Summary of Faculty Senate Meeting, April 1, 2020
The COVID-19 pandemic and resulting stay-at-home orders have caused the Senate to adopt new methods of meeting and decision-making in order to respond to these challenging times. The University decided to move to online instruction on March 10, and the Senate leadership decided shortly after that to move our meetings online using Microsoft Teams. The Senate Executive Committee met online on March 25, and the full Senate did the same on April 1. Before either of those meetings could take place, the Provost approached the Senate leadership asking the Senate to consider three interventions designed to ease difficulties for students and faculty associated with the COVID-19 pandemic and AU's transition to online instruction this semester. These proposals were a pass/fail option for undergraduate students, a pass/fail option for non-WCL graduate students, and an extension of the tenure clock for eligible faculty. The Senate Executive Committee expressed unanimous support for the three proposals and approved emergency electronic voting for the full Senate in this instance. The vote was held from March 23-24 and reported March 25. The final vote was unanimous (26-0-0) for all three proposals. The text of the resolutions as passed by the Senate are included at the end of this report.
The first online meeting of the Senate was called to order by the Chair, Professor Karen Baehler (SPA) at 2:30 pm on April 1.
President Sylvia Burwell joined the meeting at the start for her planned Spring visit to the Senate. She spoke about the University’s response to the pandemic, without repeating what they have already sent out, about the viral disease itself and pandemic response, and about the future. She thanked the faculty for the tremendous amount of work we are doing and the nimbleness with which we are doing it. She mentioned the petition from faculty about support for the University’s furloughed contract workers and stated that AU would pay all of their medical premiums and retirement shares, both the employer and employee parts, and continue unemployment insurance benefits as well. Drawing on her experience as Secretary of HHS, she emphasized the importance of testing and science/evidence-based communications. She recommended the Institute for Health Metrics and Evaluation (IMHE) website, healthdata.org, for keeping track of the pandemic. As to the future, she said they were planning on in-person teaching in the fall, but that will depend on progress in controlling the virus. She also noted that our costs, mostly lost revenue, are not as high as some schools. The endowment is taking a hit and we are focusing on enrollment and retention. She then opened the floor to questions.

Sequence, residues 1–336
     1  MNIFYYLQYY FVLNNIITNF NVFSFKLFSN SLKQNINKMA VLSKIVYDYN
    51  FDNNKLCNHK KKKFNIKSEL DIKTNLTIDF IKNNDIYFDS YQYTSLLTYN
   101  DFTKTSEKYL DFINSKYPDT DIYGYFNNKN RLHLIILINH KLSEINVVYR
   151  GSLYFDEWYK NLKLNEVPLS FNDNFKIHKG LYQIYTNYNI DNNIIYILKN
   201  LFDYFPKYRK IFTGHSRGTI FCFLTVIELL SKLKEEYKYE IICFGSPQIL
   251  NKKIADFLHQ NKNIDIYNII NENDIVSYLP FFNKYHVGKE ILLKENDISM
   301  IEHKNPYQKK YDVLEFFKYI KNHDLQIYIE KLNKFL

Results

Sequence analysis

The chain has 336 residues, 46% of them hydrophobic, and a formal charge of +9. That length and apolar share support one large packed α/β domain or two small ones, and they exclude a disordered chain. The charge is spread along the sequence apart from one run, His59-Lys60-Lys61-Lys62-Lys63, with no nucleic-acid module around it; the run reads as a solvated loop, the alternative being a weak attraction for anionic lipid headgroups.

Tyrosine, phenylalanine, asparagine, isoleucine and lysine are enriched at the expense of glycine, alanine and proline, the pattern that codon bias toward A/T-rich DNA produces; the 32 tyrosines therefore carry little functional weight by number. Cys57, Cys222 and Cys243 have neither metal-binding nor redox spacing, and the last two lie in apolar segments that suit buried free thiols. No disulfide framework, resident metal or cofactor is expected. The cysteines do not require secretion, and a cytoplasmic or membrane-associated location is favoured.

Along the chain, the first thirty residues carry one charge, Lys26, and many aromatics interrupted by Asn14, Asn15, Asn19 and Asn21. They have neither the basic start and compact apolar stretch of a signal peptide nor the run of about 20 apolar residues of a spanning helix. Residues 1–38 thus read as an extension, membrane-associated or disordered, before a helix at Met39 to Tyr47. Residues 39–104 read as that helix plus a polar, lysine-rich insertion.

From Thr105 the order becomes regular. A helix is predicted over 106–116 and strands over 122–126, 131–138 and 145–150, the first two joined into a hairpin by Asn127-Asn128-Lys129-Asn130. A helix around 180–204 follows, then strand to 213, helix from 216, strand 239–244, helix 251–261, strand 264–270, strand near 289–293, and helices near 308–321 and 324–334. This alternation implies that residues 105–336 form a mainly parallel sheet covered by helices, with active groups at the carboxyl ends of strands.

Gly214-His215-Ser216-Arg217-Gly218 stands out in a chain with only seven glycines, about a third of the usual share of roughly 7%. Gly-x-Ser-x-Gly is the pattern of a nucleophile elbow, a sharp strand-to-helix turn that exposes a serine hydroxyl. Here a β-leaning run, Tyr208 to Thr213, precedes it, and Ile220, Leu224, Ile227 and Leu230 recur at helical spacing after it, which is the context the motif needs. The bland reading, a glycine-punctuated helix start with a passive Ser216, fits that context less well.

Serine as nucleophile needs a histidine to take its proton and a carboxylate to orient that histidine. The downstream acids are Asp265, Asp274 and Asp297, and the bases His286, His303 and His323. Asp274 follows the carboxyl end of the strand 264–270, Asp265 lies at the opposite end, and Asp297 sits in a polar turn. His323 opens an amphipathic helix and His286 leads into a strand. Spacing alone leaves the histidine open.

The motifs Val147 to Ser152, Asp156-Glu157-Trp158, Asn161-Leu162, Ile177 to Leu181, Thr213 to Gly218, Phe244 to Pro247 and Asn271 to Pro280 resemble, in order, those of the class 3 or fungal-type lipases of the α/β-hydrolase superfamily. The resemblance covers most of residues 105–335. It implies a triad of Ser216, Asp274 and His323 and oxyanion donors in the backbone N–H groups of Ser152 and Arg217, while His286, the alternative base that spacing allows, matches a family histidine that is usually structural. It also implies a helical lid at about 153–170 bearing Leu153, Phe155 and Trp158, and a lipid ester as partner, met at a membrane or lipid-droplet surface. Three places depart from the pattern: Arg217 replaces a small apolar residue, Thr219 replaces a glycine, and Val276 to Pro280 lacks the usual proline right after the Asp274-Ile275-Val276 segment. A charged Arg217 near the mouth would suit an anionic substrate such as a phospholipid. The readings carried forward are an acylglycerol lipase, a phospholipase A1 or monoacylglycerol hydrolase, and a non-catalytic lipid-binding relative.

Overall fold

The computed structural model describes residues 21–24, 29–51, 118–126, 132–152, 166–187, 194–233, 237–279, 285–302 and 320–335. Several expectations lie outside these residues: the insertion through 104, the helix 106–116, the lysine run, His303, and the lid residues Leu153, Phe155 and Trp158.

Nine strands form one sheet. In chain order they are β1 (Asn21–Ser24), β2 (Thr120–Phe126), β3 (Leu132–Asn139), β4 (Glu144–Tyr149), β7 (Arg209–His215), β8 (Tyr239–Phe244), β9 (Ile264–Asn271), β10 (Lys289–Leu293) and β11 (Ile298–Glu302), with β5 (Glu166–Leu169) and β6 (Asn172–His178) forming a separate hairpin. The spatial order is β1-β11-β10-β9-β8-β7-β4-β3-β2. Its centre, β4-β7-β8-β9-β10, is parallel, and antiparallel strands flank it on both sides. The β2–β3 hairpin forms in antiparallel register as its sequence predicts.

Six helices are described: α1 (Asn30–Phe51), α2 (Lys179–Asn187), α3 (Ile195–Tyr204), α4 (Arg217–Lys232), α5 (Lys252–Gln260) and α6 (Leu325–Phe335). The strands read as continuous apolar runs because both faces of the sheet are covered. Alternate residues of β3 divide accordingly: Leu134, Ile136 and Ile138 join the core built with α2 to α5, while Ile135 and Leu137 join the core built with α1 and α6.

One question was about the student petition for making the dorms available to the government for use in the pandemic. President Burwell replied that we have made ourselves available for that, either as quarantine sites, temporary hospitals, or housing for health care workers. Our parking lots may be used as drive-through testing sites. We stand open and ready to help. She noted that this was not intended to be a revenue source. Asked about summer and fall teaching plans, she replied that fall decisions will be made in the summer, after we know about the local peaking of the pandemic. DC should peak in mid-May, but Virginia will probably be later. CTRL will be refocusing their efforts on online teaching. They are looking at summer online courses as a way to drive retention. A faculty member noted that prospective college students in his acquaintance had said that they were closely watching how schools were treating their students, staff, contract workers, and faculty, and that this would be a big factor in their choice of school. Asked about the impact of successive pandemic waves on teaching in the fall, she replied that we are contingency modeling it now, and we should have a better handle on containing future viral waves. Other questions involved the budgetary impact and the upcoming capital campaign. We don’t know yet how big our “hole” is going to be, but we do know that enrollment and retention are going to be our keys to filling it. The capital campaign will launch in an adapted form sensitive to the new circumstances. Concern was expressed about the fate of our international students, which President Burwell echoed; she said that we are doing what we can to take care of those who are in the U.S. and to trying to retain them as students. Regarding the special challenges faced by natural science researchers and when those colleagues will be permitted to return to their labs, Pres. Burwell noted that we are doing what we can within the existing limits and cannot accurately predict what will happen yet.